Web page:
A dear friend died this summer. I met her in Lee County, Virginia when I was appointed to the United Methodist Church in her town. Her outward appearance gave you the idea she would be a kindly little old lady. Wrong.
She was a firebrand. I never had so much fun in my life.
Emma Rose Scott (“Scottie”) Oatts was born in Missouri. She and I hit it off because she was born into a Scott family and we had to decide from the get go whether or not we were kin. She had a laugh that was recognizable, joyful and downright communicable. You had to smile around her. Sometimes my mouth muscles got so tired I didn’t think I could keep it up, but she’d say something else and start laughing. My favorite Scottie saying was “Preacher, when I die, just take me out to the land-fill!” And she’d chuckle for a full minute, her white hair jittering to her rhythmic laugh.
She loved to tell about her life when she first ended up in Jonesville. Her husband had rented them a house across from the Methodist Church. While they had not yet gone to worship, a wonderful man known as “Preacher Street,” came to pay a visit on the new family in town. Only thing was, Mr Oatts was not there at the time and Emma Rose thought the preacher was the Fuller Brush salesman, so she immediately began ending the visit before it started. But Mr Oatts came home while they were talking on the porch. He apparently knew the preacher actually was the preacher and not the Fuller Brush salesman, so he invited him in. This enraged the young wife, who glared at her husband the whole time, still not knowing who the preacher was. Preacher Street asked her the question you get a lot if you’re new to Lee County: “Do you like here?” She, still in full rage, replied: “Two places I never wanted to live: Hell and Jonesville.” Well she was pretty embarrassed when the preacher finally told her who he was, and to make it up she came to church the next Sunday. He got up in the pulpit and welcomed the new family, letting the whole congregation know she didn’t want to live in hell or Jonesville. She would laugh so hard telling that, and then add Preacher Street was invited back years later to do homecoming and the first thing he said in the pulpit was: “Is that lady here who didn’t want to live in hell or Jonesville?”
One time her children asked her if they could have a green dog. Being a loving mother, she took food dye and dyed their white poodle green. They were thrilled. When Mr Oatts came home, he was pretty upset by the way the dog looked, so she had to spend all night washing the dye out of the poodle’s fur. She loved to tell this. I moved away from Jonesville in 2003 and received no less than two green dogs (the stuffed variety) in the mail. I knew immediately where they came from.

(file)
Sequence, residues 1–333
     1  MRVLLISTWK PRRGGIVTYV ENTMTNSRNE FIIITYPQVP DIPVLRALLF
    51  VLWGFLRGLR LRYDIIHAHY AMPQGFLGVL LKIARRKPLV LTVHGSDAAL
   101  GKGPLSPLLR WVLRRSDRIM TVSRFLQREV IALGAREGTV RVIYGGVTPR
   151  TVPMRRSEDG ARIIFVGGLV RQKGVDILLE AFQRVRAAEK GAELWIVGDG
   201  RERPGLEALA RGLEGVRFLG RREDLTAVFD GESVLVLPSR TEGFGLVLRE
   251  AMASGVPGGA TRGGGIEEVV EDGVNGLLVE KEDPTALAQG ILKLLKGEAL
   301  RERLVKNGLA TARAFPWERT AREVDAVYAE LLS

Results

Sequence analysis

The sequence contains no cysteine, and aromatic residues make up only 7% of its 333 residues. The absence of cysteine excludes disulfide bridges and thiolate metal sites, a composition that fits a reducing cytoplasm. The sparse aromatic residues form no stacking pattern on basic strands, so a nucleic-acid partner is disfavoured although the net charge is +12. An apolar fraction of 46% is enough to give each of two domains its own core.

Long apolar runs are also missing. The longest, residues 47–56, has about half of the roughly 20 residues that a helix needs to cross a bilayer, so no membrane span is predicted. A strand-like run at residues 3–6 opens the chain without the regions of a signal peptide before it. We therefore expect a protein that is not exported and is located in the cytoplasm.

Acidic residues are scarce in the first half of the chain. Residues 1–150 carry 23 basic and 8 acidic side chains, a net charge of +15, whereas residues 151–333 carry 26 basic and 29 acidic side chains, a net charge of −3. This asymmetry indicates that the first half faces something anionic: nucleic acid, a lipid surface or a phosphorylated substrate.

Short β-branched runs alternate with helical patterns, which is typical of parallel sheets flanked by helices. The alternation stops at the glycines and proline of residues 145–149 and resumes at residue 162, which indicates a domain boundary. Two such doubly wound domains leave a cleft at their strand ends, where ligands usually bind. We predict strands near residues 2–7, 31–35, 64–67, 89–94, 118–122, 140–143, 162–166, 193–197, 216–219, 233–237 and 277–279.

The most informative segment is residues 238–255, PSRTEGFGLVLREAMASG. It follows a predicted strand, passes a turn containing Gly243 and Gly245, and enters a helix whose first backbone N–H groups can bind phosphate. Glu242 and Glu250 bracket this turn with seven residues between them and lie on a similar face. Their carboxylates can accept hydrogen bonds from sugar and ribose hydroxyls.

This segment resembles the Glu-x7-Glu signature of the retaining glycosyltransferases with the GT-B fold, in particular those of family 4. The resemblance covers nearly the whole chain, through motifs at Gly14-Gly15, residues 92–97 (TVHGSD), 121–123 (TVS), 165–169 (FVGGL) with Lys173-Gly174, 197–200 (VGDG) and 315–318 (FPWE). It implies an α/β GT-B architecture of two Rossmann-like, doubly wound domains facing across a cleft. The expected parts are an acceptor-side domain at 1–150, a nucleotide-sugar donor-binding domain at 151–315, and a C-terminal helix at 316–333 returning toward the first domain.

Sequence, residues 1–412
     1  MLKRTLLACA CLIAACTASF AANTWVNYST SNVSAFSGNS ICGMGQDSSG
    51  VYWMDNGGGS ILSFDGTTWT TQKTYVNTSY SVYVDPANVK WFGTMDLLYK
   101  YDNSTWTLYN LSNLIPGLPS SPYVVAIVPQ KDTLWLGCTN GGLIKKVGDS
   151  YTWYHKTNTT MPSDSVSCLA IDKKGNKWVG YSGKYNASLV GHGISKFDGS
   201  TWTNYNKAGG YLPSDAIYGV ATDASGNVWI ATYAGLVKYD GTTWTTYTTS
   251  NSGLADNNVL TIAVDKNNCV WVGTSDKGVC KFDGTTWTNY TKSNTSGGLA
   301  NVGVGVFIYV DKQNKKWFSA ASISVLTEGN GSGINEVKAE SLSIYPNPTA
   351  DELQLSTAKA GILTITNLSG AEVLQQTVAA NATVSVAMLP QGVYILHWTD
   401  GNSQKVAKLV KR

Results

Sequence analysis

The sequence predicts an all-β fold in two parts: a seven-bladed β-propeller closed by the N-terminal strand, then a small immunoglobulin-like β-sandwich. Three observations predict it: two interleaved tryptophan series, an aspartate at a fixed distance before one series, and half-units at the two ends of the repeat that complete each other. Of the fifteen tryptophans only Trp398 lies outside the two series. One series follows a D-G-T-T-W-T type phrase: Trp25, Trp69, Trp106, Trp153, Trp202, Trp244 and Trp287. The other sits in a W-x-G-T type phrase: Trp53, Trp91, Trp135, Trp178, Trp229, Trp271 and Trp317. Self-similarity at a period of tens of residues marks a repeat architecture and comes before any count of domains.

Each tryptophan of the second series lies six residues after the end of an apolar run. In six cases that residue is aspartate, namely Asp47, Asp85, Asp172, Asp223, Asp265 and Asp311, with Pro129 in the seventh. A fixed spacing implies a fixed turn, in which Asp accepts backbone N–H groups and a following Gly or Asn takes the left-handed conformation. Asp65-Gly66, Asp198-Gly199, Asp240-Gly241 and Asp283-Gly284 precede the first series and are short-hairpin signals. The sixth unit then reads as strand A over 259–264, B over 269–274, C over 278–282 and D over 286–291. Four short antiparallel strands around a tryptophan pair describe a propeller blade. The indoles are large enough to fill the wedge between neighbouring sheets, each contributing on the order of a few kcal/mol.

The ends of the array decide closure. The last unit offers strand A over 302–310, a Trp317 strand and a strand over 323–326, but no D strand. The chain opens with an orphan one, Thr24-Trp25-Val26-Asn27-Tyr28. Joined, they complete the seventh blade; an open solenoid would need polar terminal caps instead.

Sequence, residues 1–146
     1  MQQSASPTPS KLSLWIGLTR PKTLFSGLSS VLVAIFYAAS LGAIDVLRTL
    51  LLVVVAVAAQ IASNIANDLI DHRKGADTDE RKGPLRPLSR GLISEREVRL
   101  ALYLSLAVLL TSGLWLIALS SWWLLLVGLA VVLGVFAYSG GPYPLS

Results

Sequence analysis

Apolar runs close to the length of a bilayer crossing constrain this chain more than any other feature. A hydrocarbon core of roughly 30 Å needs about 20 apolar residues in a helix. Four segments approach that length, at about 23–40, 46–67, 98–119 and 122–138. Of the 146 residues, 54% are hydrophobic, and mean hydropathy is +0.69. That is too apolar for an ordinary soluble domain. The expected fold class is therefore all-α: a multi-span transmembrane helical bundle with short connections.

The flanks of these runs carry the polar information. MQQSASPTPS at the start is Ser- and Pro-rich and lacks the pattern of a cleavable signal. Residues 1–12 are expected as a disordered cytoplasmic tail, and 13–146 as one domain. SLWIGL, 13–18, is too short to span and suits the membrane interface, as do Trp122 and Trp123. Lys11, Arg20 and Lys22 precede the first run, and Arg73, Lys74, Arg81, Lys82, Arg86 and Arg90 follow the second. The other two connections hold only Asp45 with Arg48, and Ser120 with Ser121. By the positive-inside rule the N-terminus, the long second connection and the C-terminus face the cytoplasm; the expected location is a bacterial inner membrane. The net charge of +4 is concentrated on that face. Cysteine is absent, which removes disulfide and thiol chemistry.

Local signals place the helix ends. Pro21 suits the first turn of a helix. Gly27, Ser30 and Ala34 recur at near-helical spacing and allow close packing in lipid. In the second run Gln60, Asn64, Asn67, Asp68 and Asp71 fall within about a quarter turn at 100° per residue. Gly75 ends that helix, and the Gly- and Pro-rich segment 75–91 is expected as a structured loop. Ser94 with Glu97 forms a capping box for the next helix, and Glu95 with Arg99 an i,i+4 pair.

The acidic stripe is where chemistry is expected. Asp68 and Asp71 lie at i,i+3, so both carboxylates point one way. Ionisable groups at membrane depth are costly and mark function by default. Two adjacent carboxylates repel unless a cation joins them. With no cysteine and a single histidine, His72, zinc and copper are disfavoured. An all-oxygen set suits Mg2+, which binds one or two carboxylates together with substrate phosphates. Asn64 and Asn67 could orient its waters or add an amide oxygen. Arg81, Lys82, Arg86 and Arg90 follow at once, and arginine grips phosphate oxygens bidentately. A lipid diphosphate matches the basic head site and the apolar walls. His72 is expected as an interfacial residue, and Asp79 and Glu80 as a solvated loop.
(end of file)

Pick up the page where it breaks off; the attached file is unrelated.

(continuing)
We had a Halloween party at the church. The kids were so excited. I looked up. The devil came walking in the door. No, scrap that. It was Scottie. I think she was 79 or 80 years old, and dressed from head to toe in red with a pointed tail and a mask that looked like old Satan. She went all through town during “Trick or Treat.” People would ask “Who’s your Daddy.” She’d answer with the name of an official in the court house who never married. And then she’d laugh, and laugh, and laugh.
I used to tell the older adult group in the church (the Roadrunners), that it took a special church to love Scottie.
One Sunday she came up to me before services. “Preacher, I almost called you last night.” I looked at her, wondering where this was going to go. “Why, Scottie?” “Well,” she replied, “I started having some chest pain, and I didn’t know if I needed an ambulance or a funeral director.” I couldn’t believe what she was saying. “Scottie, what’d you do?” “Well,” she said, “I didn’t want to bother with calling anybody. I just got on the treadmill and walked it out.” I shook my head. “Scottie, you could have died on that thing.” “Well, Preacher,” she said, with utter calm, “I was ready to go, and when I die, just take me out to the landfill!” And she laughed and laughed and laughed.
She told me that one Sunday many years ago she decided to come to church with a hat on. It was blue and had feathers all over it. She said someone came in and knocked it off her head, and it rolled down under the pews all the way to the front of the section she was sitting in. So, she said, she got down on all fours and crawled under every pew until she got it and crawled back. I can’t imagine it was quiet in the church that day.
Somewhere in heaven, there’s a woman walking around in a devil outfit, with a blue feather cap, and accompanied by a green dog, laughing and laughing and laughing. And she thinks Jesus is the Fuller Brush salesman. Oh, Scottie, we’ll miss you.